function User() {
    var self = this;

    self.Age = ko.observable().extend({ digits: true });
    self.Firstname = ko.observable().extend({ maxLength: 20 });
    self.Surname = ko.observable().extend({ maxLength: 20 });

    self.Fullname = ko.computed(function() {
        return self.Firstname() + " " + self.Surname();
    });
}

var someJson = {
    Firstname: "James",
    Surname: "Bond",
    Age: 40
};

var someUser = new User();
ko.merge.fromJS(someUser, someJson);

There is also an option to infer the types for observable arrays so you can just auto-merge array elements into your observables, however this functionality will not be able to distinguish between existing elements and new elements so this will currently just append elements to the array not merge them.

You can do this like this:

function SomeChildModel()
{
   this.Name = ko.observable();
}

function SomeModel()
{
   this.someArray = ko.observableArray().withMergeConstructor(SomeChildModel);
}

There has been some new additions to allow you to write custom merging logic, this is useful for certain situations such as mapping date strings to date objects, or do anything more complicated than a simple data replacement. You can either do this by embedding your own method into the merging logic such as:

function SomeModel()
{
    this.Date = ko.observable(new Date()).withMergeMethod(function(knockoutElement, dataElement, options) {
        knockoutElement(new Date(dataElement));
    });
}

Personally I am not a massive fan of this as you will rarely want to embed your mapping logic into your pojo models, so if you want to use more of an AOP style approach and have your logic elsewhere then use the merging rules style settings:

// This can go anywhere, just make sure you include the required libs first 
ko.merge.mergeRules["Date"] = function(knockoutElement, dataElement, options) {
    knockoutElement(new Date(dataElement));
};

function SomeModel()
{
    this.Date = ko.observable(new Date()).withMergeRule("Date");
}

Global Handlers

In version 1.5.1 you can also use global handlers, which are provided the current elements to see if it can deal with them, in most cases you will not need to use these. However lets imagine you have Date objects in your models and you do not want to have to constantly add .withMergeRule("my-date-rule") you can make a handler to check if it is a date object, and if so do something useful with it. Handlers should return a true if they have handled the data or a false if they are not.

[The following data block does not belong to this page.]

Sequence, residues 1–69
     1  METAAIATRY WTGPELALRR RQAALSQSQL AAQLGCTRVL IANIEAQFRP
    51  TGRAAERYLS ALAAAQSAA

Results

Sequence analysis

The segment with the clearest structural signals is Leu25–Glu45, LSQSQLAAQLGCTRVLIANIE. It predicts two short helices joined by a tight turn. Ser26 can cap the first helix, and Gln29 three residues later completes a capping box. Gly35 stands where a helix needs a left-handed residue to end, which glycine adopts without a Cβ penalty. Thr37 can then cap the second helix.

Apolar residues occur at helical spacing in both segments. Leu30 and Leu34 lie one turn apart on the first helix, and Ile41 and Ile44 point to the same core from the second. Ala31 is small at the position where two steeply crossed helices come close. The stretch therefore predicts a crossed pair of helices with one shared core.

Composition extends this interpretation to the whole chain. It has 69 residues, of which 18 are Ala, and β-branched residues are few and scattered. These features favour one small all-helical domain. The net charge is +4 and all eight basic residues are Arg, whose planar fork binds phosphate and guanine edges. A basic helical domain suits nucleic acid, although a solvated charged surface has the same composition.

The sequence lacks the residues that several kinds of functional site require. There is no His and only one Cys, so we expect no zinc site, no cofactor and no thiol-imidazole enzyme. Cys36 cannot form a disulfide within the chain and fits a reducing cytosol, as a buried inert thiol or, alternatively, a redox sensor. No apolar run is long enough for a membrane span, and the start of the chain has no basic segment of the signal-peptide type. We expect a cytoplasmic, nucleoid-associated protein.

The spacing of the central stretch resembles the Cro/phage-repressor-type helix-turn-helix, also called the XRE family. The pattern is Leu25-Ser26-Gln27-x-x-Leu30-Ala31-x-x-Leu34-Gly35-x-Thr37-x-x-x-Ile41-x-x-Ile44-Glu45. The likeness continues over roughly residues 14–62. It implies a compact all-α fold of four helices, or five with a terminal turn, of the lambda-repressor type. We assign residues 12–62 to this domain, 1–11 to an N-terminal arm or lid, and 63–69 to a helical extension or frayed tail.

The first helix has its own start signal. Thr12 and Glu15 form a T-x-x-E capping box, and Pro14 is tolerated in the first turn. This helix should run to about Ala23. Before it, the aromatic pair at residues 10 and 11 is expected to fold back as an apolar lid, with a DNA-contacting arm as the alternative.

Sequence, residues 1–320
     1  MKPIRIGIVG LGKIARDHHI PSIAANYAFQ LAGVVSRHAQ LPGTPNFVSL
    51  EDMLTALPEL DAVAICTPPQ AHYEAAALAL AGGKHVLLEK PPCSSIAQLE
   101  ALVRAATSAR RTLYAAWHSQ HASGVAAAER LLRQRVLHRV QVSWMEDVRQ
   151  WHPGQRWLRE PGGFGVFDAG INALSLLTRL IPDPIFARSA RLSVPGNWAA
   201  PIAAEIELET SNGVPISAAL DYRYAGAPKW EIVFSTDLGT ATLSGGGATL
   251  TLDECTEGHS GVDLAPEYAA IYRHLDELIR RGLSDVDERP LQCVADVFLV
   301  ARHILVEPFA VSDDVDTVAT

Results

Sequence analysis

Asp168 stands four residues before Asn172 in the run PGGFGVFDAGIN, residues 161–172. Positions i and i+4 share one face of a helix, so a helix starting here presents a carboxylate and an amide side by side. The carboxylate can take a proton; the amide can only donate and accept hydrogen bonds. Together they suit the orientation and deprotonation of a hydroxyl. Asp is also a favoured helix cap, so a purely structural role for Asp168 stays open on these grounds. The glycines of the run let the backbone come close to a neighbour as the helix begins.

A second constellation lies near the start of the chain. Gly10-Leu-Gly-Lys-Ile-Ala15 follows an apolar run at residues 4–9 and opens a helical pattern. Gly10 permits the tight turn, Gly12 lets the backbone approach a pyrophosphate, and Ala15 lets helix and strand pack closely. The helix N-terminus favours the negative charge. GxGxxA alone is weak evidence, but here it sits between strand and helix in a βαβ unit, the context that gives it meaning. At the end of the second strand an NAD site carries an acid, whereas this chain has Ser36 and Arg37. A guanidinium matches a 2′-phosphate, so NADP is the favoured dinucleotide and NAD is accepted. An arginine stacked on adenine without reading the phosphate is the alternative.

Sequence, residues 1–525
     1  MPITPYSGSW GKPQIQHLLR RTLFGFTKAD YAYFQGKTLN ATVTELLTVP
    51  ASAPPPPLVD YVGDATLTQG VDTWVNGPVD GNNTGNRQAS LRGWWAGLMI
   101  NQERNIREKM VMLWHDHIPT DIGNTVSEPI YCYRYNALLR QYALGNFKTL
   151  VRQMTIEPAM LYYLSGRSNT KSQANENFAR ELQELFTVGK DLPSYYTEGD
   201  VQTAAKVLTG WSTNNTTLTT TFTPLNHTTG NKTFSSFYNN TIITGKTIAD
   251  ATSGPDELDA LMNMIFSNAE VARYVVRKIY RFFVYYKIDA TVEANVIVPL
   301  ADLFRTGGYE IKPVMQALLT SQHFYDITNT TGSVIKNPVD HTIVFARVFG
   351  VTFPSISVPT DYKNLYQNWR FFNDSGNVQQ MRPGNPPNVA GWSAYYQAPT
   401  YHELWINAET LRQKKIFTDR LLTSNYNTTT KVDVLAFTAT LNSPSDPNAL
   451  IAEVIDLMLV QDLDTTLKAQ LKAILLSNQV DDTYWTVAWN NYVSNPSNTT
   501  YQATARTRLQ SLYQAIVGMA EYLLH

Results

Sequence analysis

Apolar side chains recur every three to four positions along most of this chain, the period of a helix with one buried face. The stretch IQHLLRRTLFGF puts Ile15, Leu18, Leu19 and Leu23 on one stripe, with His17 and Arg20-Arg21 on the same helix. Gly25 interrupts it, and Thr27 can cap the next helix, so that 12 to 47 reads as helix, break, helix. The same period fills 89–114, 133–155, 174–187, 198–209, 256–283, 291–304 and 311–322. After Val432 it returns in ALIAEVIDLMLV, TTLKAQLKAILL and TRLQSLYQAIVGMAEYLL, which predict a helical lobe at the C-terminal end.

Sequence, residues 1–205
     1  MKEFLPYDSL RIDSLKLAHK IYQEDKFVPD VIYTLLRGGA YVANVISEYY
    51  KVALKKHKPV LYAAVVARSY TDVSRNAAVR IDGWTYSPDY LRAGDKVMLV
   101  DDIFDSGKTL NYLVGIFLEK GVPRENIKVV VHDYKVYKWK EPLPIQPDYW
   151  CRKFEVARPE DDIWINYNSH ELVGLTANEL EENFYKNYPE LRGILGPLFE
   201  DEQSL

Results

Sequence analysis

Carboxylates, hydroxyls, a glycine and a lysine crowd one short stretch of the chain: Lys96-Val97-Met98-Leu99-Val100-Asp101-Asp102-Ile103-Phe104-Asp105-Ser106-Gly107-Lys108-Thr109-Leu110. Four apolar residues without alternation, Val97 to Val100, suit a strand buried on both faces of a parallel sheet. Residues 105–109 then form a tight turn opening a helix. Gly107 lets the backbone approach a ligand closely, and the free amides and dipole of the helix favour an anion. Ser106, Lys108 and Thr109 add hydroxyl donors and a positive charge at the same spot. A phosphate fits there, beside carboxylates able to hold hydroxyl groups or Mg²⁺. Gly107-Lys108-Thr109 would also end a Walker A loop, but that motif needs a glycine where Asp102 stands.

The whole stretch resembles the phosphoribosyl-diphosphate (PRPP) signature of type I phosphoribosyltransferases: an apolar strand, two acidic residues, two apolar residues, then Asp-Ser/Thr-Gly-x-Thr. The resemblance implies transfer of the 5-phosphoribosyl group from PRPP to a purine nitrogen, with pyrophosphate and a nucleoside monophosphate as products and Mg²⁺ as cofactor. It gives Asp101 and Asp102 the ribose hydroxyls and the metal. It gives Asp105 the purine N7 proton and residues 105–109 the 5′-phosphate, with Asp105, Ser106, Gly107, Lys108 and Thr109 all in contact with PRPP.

A global handler should be a function taking the knockout element and data element and returning a bool as mentioned above, here is a simple example of one:

var globalDateHandler = function(knockoutElement, dataElement, options) {
    if(knockoutElement() instanceof Date) {
        knockoutElement(new Date(dataElement));
        return true; // We handled it so no need to check with other handling mechanisms
    }
    return false; // It is not a date type, so delegate to normal handlers
}

ko.merge.globalHandlers.push(globalDateHandler);

This is for niche scenarios where you do want to do system wide stuff and remember these global handlers will be iterated over for EVERY entry in the data model, so if you are doing some resource intensive stuff in there expect some slowdown. However in most cases "Fast is fast enough" so I wouldn't worry, and if there are no handlers then the normal merging predicates are used.

You can omit the options, and they are for you to be able to write your own options for passing into rules, however there is one rule the native merge uses mergeMissingAsObservables: true | false, if it is true then if you were to have an empty json containing object, it would end up creating it with observable fields not primitive ones.

Finally there is also a typescript descriptor file available in the source folder to give you compile time safety.

Here is an example of what it does and how to use it, but you will need to check out the source code. View Example

Here are the tests which you can run in your own browser: View Tests